One area that remains unclear is whether enforcement of foreign arbitral awards requires compliance not only with the requirements of the Enforcement Law but also the Arbitration Law of 2012, which imposes certain additional procedural formalities and contains provisions on enforcement that overlap with those contained in the Enforcement Law. The press release mentions both statutes but does not discuss to what extent the court considered the Arbitration Law to be relevant. In my experience, compliance with the Enforcement Law has been sufficient, particularly where the parties did not choose to subject the arbitration to Saudi Arabia’s Arbitration Law, but this will remain an area of uncertainty until further cases have been resolved by the Enforcement Courts or further official guidance is given by the Ministry of Justice. In the meantime, parties seeking to resort to arbitration with Saudi Arabian counterparties should take this issue into consideration when drafting the agreement to arbitrate. 


The decision by the Enforcement Court in Riyadh to enforce an ICC award rendered in the UK is a sign that recent reforms of Saudi Arabia’s enforcement process are having a positive effect in streamlining the enforcement process. Most notably, it appears that neither the requirement of Shari’ah compliance nor the reciprocity reservation remain high barriers to issuing an enforcement decision by the Enforcement Court, at least in the first instance. Observers should be careful to note, however, that a decision by the Enforcement Court is not necessarily the final step in the process, as the respondent may still initiate an enforcement dispute proceeding, followed by an appeals process, which can further lengthen the proceedings considerably and effectively lead to a review of the merits of the underlying dispute. Whether the standard of review will be similar to that employed in ordinary proceedings or take a more summary form remains to be seen as more cases are brought before the Enforcement Court and appellate divisions.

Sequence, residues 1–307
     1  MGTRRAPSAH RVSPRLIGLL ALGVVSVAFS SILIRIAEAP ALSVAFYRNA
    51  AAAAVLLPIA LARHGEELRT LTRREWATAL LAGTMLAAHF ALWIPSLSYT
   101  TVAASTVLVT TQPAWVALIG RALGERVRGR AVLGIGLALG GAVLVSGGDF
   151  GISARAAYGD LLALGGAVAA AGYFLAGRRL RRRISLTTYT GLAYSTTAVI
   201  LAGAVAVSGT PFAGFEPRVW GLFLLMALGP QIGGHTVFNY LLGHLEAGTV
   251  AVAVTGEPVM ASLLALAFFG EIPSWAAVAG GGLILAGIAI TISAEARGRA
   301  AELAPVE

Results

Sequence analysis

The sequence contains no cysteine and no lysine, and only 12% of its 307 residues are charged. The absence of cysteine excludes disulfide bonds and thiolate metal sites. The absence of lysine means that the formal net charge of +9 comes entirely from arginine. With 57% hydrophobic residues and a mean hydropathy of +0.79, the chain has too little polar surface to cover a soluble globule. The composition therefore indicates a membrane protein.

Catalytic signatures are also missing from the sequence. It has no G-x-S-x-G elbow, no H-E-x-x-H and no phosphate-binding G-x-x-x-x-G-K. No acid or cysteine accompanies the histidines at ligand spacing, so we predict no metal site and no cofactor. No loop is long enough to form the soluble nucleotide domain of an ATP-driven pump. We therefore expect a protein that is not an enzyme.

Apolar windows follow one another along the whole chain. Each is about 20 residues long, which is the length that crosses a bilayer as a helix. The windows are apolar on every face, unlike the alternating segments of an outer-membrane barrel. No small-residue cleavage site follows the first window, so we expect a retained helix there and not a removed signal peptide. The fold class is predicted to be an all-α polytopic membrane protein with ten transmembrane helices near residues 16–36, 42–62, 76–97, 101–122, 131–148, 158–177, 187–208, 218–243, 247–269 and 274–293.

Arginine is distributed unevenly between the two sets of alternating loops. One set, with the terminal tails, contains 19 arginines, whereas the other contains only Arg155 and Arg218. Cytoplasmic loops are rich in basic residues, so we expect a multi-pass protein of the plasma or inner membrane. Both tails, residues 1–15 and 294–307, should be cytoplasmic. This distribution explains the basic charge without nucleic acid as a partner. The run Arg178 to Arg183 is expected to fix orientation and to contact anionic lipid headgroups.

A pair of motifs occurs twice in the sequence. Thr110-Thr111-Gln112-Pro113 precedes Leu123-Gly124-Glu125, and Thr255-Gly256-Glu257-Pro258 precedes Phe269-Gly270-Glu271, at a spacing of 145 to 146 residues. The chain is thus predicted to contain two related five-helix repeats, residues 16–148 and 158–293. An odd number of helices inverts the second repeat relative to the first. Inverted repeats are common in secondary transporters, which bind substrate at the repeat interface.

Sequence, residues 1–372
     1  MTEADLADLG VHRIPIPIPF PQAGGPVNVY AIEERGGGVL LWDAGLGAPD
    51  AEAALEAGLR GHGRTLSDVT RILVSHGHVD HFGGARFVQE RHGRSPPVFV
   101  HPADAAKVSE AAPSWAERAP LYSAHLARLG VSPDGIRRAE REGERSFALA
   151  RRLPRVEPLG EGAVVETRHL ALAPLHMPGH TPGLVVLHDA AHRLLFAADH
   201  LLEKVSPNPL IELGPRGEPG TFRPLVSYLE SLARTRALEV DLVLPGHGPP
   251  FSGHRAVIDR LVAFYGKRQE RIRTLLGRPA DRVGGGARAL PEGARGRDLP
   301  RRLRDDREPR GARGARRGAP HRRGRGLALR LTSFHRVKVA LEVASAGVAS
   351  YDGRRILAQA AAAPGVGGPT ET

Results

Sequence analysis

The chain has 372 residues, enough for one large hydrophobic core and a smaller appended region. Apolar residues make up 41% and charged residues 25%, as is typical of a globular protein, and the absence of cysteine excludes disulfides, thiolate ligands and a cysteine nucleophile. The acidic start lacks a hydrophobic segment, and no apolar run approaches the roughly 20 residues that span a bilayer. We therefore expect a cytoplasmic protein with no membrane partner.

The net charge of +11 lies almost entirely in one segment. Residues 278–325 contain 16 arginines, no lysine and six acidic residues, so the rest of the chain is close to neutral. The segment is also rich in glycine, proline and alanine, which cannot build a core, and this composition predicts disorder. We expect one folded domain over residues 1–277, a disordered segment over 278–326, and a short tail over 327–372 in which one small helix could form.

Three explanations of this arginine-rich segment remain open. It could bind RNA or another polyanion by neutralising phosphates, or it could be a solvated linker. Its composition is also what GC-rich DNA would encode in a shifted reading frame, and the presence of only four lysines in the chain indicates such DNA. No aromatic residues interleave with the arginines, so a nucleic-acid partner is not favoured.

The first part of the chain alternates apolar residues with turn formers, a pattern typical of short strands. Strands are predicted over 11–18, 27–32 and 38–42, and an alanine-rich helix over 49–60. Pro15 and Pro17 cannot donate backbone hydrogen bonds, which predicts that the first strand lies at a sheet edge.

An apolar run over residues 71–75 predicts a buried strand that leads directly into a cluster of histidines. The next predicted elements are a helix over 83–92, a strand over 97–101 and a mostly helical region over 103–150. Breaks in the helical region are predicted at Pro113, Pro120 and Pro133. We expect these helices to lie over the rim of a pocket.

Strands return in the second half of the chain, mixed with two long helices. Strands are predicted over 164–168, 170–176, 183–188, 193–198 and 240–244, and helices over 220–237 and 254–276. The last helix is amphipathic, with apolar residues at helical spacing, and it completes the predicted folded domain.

Please note that the views expressed above in this blog post are those of the author and are not necessarily those of Khoshaim & Associates or Allen & Overy.


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  1. Thanks Hosam for this informative and useful article.

    As far as I am concerned, and please correct me if I am inaccurate. The burden of ascertaining such reciprocity lies upon the parties. It used to be that the Ministry of Justice would ascertain the existence of a reciprocal treatment, but as of now, the burden has shifted to be acquired by the party seeking the enforcing of a foreign judgment.

    As a matter of practicality, it is, as you mentioned, still unclear whether reciprocity exists, especially that not many Saudi judgments have been sought to be enforced, and some states are yet to announce their willingness to establish a reciprocal relationship with Saudi Arabia.